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Ignorance Regarding Goods Returns To Shops

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I've noticed the following a few times, socially and on product reviews.

The common no restrictions return policy from most stores, more or less, is 30 days. Ie if in as new condition, apparently unused, many stores, online or in the high Street, will take a return on a durable goods item that you change your mind over.

This seems to get confused in some people's mind with returns of faulty goods. And they bemoan the one month limit if it goes wrong after say two months.

HOWEVER, UK consumer law says that you have to assume it is a manufacturing fault if it goes wrong within 6 months of purchase. Therefore the practical limit for returning a faulty item is 6 months, completely unconnected to the general returns policy of the store. 6 months is a statutory right. Too many people don't get this. I recently returned a USB cable, for example, which had stopped working after about 3 months. Cited consumer law, got refund.

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I've noticed the following a few times, socially and on product reviews.

The common no restrictions return policy from most stores, more or less, is 30 days. Ie if in as new condition, apparently unused, many stores, online or in the high Street, will take a return on a durable goods item that you change your mind over.

This seems to get confused in some people's mind with returns of faulty goods. And they bemoan the one month limit if it goes wrong after say two months.

HOWEVER, UK consumer law says that you have to assume it is a manufacturing fault if it goes wrong within 6 months of purchase. Therefore the practical limit for returning a faulty item is 6 months, completely unconnected to the general returns policy of the store. 6 months is a statutory right. Too many people don't get this. I recently returned a USB cable, for example, which had stopped working after about 3 months. Cited consumer law, got refund.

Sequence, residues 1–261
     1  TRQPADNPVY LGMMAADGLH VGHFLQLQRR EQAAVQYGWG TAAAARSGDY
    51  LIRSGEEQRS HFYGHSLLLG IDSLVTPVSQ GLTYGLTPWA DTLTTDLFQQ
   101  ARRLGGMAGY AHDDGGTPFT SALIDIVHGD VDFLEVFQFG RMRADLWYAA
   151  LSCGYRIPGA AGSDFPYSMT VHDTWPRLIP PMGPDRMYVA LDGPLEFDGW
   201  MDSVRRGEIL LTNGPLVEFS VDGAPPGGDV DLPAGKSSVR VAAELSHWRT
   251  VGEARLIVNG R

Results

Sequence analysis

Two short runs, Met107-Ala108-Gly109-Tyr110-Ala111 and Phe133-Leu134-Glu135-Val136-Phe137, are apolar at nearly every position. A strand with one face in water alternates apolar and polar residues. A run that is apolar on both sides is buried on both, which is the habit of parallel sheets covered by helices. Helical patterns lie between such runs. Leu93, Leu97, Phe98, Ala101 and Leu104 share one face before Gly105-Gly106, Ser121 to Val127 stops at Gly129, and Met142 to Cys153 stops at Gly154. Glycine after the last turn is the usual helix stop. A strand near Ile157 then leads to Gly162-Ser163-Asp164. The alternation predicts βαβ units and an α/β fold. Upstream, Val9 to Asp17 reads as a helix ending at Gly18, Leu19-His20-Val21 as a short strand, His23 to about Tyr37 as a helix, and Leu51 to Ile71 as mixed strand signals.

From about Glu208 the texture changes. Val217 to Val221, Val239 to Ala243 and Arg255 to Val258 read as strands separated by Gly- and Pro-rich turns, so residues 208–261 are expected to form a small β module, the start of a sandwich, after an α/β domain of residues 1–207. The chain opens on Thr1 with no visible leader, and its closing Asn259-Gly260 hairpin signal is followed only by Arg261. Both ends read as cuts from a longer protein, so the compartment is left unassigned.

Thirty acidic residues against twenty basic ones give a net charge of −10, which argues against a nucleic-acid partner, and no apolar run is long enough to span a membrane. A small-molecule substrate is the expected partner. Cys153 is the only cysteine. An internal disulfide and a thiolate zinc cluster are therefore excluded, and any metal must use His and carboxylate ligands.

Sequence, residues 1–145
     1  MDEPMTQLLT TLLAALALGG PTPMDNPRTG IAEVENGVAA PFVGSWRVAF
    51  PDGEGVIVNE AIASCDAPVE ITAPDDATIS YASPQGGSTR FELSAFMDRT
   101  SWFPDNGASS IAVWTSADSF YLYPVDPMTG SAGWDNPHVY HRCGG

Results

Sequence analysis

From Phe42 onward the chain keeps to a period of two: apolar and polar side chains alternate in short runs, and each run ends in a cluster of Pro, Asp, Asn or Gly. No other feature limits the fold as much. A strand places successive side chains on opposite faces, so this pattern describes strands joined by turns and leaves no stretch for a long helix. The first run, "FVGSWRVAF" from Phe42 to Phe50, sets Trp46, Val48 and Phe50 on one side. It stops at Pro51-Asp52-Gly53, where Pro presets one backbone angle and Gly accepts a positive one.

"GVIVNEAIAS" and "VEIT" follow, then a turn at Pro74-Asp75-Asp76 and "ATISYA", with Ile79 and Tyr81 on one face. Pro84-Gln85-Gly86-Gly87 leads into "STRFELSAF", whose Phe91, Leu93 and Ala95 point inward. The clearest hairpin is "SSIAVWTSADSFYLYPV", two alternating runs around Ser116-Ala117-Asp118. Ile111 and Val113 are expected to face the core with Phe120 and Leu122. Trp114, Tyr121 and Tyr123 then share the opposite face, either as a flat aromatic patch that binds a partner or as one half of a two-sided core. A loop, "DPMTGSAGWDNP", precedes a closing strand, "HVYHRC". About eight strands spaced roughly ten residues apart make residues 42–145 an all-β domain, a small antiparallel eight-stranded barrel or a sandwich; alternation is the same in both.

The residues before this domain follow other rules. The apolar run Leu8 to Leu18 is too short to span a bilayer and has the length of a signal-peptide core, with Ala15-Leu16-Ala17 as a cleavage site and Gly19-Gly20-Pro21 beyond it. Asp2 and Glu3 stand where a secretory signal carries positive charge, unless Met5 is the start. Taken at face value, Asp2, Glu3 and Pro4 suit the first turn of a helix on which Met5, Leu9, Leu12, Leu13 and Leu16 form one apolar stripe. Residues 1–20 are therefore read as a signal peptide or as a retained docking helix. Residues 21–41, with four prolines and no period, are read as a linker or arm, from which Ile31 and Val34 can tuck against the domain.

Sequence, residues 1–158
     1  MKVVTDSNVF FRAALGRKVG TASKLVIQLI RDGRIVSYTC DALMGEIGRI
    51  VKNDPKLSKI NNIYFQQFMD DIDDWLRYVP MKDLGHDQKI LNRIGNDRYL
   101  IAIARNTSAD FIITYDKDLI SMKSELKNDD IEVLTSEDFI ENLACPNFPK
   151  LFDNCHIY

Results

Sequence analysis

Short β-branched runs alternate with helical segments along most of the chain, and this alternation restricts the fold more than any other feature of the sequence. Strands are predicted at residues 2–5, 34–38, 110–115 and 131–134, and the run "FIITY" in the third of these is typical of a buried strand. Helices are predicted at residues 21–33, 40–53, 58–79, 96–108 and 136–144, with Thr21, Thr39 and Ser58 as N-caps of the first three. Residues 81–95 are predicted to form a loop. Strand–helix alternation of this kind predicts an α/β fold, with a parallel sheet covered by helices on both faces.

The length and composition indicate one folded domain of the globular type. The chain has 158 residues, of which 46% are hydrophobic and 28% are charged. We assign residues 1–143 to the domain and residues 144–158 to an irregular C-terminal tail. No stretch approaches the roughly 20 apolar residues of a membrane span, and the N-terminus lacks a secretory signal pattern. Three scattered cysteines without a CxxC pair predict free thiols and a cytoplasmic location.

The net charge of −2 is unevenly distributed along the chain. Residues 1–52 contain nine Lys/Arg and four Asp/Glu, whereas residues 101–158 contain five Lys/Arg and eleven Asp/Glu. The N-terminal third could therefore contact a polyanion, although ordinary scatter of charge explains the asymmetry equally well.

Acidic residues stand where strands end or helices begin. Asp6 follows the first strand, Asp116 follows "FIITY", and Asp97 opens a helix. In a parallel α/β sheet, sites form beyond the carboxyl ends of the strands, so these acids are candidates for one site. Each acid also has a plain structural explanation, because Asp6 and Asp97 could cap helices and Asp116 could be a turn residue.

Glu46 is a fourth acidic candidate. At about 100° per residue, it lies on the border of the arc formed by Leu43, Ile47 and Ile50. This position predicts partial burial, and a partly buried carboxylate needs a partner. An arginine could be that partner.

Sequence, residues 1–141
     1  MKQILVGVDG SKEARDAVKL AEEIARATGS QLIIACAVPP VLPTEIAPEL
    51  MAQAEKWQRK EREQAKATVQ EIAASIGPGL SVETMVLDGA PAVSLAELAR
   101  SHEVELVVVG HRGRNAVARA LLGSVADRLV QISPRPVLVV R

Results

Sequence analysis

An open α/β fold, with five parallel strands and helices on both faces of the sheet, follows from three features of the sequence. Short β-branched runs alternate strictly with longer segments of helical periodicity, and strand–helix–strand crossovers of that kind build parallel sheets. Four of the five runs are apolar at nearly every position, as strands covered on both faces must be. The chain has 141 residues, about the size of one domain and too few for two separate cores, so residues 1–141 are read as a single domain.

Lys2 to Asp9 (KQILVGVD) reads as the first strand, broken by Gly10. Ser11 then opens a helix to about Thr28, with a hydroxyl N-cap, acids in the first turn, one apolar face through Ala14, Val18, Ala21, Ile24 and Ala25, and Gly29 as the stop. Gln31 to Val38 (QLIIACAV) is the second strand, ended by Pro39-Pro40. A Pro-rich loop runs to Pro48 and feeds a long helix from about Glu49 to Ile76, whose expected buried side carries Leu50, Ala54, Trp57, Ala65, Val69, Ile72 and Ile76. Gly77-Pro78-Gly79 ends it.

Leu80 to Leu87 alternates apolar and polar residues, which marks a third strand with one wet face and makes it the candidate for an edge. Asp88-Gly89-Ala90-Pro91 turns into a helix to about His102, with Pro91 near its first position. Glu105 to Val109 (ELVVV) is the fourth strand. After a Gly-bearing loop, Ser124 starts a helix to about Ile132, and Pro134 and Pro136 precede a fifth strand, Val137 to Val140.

If you buy a product in a shop, and its been opened (such as a broken seal) - even though there's nothing wrong with it, you are only due a refund / replacement if it doesn't work, not if you change your mind. Best to shop online, as you have your distance selling rights, whereby you can inspect the product, and send it back if you don't like it...

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If you buy a product in a shop, and its been opened (such as a broken seal) - even though there's nothing wrong with it, you are only due a refund / replacement if it doesn't work, not if you change your mind. Best to shop online, as you have your distance selling rights, whereby you can inspect the product, and send it back if you don't like it...

Open it and break it?

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I've noticed the following a few times, socially and on product reviews.

The common no restrictions return policy from most stores, more or less, is 30 days. Ie if in as new condition, apparently unused, many stores, online or in the high Street, will take a return on a durable goods item that you change your mind over.

This seems to get confused in some people's mind with returns of faulty goods. And they bemoan the one month limit if it goes wrong after say two months.

HOWEVER, UK consumer law says that you have to assume it is a manufacturing fault if it goes wrong within 6 months of purchase. Therefore the practical limit for returning a faulty item is 6 months, completely unconnected to the general returns policy of the store. 6 months is a statutory right. Too many people don't get this. I recently returned a USB cable, for example, which had stopped working after about 3 months. Cited consumer law, got refund.

You have time to return a USB cable.......

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Open it and break it?